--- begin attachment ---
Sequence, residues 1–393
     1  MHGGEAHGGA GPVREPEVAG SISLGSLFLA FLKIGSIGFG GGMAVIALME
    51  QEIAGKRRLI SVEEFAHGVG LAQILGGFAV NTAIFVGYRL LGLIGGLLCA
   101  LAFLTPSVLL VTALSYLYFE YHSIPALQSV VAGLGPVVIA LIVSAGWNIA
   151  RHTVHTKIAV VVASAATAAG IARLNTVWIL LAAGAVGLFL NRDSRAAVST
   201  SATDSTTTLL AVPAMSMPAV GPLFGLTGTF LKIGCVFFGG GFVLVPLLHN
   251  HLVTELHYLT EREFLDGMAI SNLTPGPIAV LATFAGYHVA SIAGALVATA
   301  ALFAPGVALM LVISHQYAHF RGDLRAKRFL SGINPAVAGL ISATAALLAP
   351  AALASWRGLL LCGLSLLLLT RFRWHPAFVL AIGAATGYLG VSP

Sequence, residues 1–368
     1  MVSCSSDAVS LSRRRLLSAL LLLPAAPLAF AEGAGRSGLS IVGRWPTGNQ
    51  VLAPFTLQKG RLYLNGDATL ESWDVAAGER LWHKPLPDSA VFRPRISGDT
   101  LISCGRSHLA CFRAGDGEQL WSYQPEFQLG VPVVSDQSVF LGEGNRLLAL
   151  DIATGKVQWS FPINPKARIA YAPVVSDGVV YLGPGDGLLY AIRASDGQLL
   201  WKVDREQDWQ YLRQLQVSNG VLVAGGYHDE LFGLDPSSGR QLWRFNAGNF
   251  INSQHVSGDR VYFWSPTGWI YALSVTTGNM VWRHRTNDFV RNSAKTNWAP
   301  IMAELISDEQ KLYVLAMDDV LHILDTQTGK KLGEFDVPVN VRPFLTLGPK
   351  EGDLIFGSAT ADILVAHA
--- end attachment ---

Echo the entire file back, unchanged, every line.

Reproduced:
Sequence, residues 1–393
     1  MHGGEAHGGA GPVREPEVAG SISLGSLFLA FLKIGSIGFG GGMAVIALME
    51  QEIAGKRRLI SVEEFAHGVG LAQILGGFAV NTAIFVGYRL LGLIGGLLCA
   101  LAFLTPSVLL VTALSYLYFE YHSIPALQSV VAGLGPVVIA LIVSAGWNIA
   151  RHTVHTKIAV VVASAATAAG IARLNTVWIL LAAGAVGLFL NRDSRAAVST
   201  SATDSTTTLL AVPAMSMPAV GPLFGLTGTF LKIGCVFFGG GFVLVPLLHN
   251  HLVTELHYLT EREFLDGMAI SNLTPGPIAV LATFAGYHVA SIAGALVATA
   301  ALFAPGVALM LVISHQYAHF RGDLRAKRFL SGINPAVAGL ISATAALLAP
   351  AALASWRGLL LCGLSLLLLT RFRWHPAFVL AIGAATGYLG VSP

Sequence, residues 1–368
     1  MVSCSSDAVS LSRRRLLSAL LLLPAAPLAF AEGAGRSGLS IVGRWPTGNQ
    51  VLAPFTLQKG RLYLNGDATL ESWDVAAGER LWHKPLPDSA VFRPRISGDT
   101  LISCGRSHLA CFRAGDGEQL WSYQPEFQLG VPVVSDQSVF LGEGNRLLAL
   151  DIATGKVQWS FPINPKARIA YAPVVSDGVV YLGPGDGLLY AIRASDGQLL
   201  WKVDREQDWQ YLRQLQVSNG VLVAGGYHDE LFGLDPSSGR QLWRFNAGNF
   251  INSQHVSGDR VYFWSPTGWI YALSVTTGNM VWRHRTNDFV RNSAKTNWAP
   301  IMAELISDEQ KLYVLAMDDV LHILDTQTGK KLGEFDVPVN VRPFLTLGPK
   351  EGDLIFGSAT ADILVAHA